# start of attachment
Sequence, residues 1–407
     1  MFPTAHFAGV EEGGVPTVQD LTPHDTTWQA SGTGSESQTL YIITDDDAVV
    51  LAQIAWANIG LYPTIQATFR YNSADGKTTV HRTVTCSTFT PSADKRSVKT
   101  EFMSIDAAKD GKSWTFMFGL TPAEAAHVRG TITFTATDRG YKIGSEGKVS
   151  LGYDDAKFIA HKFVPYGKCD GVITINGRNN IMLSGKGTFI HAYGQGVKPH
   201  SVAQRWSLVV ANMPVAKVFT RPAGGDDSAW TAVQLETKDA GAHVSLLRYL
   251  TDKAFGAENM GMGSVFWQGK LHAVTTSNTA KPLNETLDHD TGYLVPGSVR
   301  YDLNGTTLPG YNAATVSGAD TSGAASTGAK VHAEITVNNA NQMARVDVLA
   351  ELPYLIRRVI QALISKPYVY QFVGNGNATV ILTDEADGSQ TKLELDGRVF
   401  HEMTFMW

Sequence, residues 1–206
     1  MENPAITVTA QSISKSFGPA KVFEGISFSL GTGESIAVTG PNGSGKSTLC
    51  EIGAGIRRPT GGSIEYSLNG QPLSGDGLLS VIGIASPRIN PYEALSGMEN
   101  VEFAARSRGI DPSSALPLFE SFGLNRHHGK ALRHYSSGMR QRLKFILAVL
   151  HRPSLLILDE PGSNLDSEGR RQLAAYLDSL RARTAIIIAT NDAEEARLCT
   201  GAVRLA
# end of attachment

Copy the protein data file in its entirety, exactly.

Sequence, residues 1–407
     1  MFPTAHFAGV EEGGVPTVQD LTPHDTTWQA SGTGSESQTL YIITDDDAVV
    51  LAQIAWANIG LYPTIQATFR YNSADGKTTV HRTVTCSTFT PSADKRSVKT
   101  EFMSIDAAKD GKSWTFMFGL TPAEAAHVRG TITFTATDRG YKIGSEGKVS
   151  LGYDDAKFIA HKFVPYGKCD GVITINGRNN IMLSGKGTFI HAYGQGVKPH
   201  SVAQRWSLVV ANMPVAKVFT RPAGGDDSAW TAVQLETKDA GAHVSLLRYL
   251  TDKAFGAENM GMGSVFWQGK LHAVTTSNTA KPLNETLDHD TGYLVPGSVR
   301  YDLNGTTLPG YNAATVSGAD TSGAASTGAK VHAEITVNNA NQMARVDVLA
   351  ELPYLIRRVI QALISKPYVY QFVGNGNATV ILTDEADGSQ TKLELDGRVF
   401  HEMTFMW

Sequence, residues 1–206
     1  MENPAITVTA QSISKSFGPA KVFEGISFSL GTGESIAVTG PNGSGKSTLC
    51  EIGAGIRRPT GGSIEYSLNG QPLSGDGLLS VIGIASPRIN PYEALSGMEN
   101  VEFAARSRGI DPSSALPLFE SFGLNRHHGK ALRHYSSGMR QRLKFILAVL
   151  HRPSLLILDE PGSNLDSEGR RQLAAYLDSL RARTAIIIAT NDAEEARLCT
   201  GAVRLA